Spaceflight Now


Sign up for our NewsAlert service and have the latest news in astronomy and space e-mailed direct to your desktop.

Enter your e-mail address:

Privacy note: your e-mail address will not be used for any other purpose.

Solar sail demo packed up to prove new technologies

Posted: November 16, 2010

Bookmark and Share

KODIAK, Alaska -- For less than $1 million, scientists are planning to show off an innovative solar sail experiment beginning with a blastoff from the Alaska frontier Friday, proving new propulsion technologies that could help rid space of unnecessary debris.

Artist's concept of NanoSail-D in orbit. Credit: NASA
The NanoSail-D mission will unfurl a 100 square foot polymer sail from a satellite the size of a loaf of bread. Researchers say the sail will harness light pressure from the sun to change its orbit, eventually slowing the craft's speed enough to drop from orbit and burn up in Earth's atmosphere.

Solar sails don't generate much thrust, but they can propel lightweight spacecraft long distances into the solar system on timescales of months and years. A Japanese solar sail mission, named Ikaros, successfully demonstrated solar sailing on the way from Earth to Venus this summer.

NanoSail-D's potential applications are closer to home.

NASA and the U.S. military are interested in inexpensive methods of removing retired satellites from clogged traffic lanes in orbit. The military tracks nearly 16,000 objects larger than 4 inches circling Earth, and even small debris moving at high speeds pose serious threats to active spacecraft.

DARPA, the Pentagon's research and development agency, is studying concepts to pull debris and old satellites out of operational orbits. Such a job is technically challenging, but legal and political hurdles loom even taller, according to experts.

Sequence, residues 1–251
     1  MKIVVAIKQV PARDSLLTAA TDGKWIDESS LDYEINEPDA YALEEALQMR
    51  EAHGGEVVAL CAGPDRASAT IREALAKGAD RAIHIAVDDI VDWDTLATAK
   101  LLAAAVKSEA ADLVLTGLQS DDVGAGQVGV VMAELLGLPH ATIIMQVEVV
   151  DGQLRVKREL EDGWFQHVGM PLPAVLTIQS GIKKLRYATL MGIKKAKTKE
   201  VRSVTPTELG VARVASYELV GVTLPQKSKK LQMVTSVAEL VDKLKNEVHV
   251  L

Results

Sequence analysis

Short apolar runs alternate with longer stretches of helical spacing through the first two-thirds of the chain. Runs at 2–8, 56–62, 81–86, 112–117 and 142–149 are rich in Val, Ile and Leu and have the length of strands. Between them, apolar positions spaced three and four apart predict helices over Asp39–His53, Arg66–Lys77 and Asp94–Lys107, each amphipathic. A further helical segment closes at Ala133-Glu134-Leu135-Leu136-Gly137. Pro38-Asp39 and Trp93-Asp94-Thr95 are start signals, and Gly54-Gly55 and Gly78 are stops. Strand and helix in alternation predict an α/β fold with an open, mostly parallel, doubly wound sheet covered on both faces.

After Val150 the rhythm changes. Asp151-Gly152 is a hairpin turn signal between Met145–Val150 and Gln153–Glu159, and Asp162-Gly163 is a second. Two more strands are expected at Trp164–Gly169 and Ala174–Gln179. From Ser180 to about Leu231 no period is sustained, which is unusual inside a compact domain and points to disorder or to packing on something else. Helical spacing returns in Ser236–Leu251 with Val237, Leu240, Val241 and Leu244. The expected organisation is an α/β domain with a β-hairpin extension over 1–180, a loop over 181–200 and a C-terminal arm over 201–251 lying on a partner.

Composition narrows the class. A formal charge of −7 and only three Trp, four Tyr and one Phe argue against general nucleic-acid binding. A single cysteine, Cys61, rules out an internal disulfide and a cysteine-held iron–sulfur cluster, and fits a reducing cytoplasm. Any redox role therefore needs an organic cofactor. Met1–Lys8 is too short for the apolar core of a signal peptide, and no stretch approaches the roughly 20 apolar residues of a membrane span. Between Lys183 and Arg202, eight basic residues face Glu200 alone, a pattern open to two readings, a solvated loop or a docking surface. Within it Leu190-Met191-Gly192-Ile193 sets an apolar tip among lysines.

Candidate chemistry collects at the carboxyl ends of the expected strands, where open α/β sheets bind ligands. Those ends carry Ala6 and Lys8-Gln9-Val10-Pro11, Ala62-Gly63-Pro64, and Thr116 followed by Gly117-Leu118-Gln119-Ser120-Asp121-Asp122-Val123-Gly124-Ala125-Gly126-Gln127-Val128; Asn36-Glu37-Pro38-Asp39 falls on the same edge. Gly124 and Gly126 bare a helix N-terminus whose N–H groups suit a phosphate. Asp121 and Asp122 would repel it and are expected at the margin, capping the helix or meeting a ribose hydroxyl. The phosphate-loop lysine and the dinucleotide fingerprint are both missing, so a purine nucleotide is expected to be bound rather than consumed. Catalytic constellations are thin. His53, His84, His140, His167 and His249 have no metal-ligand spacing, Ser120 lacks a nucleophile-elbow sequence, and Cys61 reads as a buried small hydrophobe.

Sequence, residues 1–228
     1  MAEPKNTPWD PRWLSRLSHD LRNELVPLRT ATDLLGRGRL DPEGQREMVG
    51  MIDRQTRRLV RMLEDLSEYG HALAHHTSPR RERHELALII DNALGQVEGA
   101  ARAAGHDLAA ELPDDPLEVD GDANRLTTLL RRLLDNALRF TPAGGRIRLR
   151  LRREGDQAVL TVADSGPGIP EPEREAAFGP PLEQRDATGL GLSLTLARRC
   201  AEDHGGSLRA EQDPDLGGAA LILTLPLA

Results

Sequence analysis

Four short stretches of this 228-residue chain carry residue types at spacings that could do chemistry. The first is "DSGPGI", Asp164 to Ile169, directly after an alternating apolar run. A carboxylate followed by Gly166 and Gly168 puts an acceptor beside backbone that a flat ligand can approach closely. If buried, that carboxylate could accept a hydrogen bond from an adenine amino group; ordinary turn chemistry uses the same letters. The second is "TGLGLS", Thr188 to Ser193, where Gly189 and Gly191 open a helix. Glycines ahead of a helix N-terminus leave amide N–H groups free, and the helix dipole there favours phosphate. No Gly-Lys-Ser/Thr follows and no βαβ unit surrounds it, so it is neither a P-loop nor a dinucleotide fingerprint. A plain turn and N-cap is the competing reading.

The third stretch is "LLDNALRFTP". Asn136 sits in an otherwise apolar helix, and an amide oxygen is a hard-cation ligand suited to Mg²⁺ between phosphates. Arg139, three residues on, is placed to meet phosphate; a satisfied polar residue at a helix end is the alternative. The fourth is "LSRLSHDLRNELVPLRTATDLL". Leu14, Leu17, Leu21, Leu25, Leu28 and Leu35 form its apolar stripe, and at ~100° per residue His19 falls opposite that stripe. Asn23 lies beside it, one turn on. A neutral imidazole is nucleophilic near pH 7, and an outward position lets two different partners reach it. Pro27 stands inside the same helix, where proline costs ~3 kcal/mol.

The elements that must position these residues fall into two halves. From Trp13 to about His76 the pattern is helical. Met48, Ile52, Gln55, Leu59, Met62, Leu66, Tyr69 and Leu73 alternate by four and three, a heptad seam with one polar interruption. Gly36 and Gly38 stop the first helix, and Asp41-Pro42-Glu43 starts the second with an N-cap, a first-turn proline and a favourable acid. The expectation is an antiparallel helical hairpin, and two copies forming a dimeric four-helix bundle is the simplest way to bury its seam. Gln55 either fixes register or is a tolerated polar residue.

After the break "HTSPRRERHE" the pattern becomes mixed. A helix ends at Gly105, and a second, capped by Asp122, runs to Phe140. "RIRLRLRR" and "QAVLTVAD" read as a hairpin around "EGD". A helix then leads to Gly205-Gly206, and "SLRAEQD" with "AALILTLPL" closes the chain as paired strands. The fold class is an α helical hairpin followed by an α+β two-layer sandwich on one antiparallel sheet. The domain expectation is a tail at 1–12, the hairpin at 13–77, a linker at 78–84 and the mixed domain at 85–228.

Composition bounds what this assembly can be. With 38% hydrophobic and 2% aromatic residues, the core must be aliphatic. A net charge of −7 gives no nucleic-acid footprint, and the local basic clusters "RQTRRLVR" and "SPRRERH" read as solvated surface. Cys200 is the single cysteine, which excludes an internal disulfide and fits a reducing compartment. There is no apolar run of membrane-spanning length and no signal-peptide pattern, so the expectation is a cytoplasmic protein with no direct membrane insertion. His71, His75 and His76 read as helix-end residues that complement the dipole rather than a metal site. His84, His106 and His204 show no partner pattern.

Low-cost CubeSat spacecraft like NanoSail-D could prove solar sails can be packed inside canisters like parachutes, providing a disposal system when satellites are finished with their missions. Over time, sails could slow satellite velocities enough to move the craft to graveyard orbits or into the atmosphere for a destructive reentry.

NanoSail-D's will stay in space between 70 and 120 days, depending on atmospheric conditions.

"Many satellites remain in orbit much longer, and thus NanoSail-D becomes a method for preventing satellites from remaining on orbit much longer and remaining there as space junk," said Dean Alhorn, NanoSail-D's project manager at NASA's Marshall Space Flight Center in Huntsville, Ala.

The experiment begins Friday with the launch of a Minotaur 4 rocket from Kodiak Launch Complex in Alaska. For liftoff, the 8.5-pound NanoSail-D spacecraft will be snugly packed inside a larger NASA mothership called FASTSAT.

FASTSAT stands for Fast, Affordable Science and Technology Satellite. NanoSail-D and the FASTSAT microsatellite are both managed from Marshall.

NanoSail-D will be spring-ejected from FASTSAT between seven and nine days after launch, when the satellite is in an acceptable attitude to ensure the two spacecraft do not collide, according to Mark Boudreaux, FASTSAT project manager at Marshall.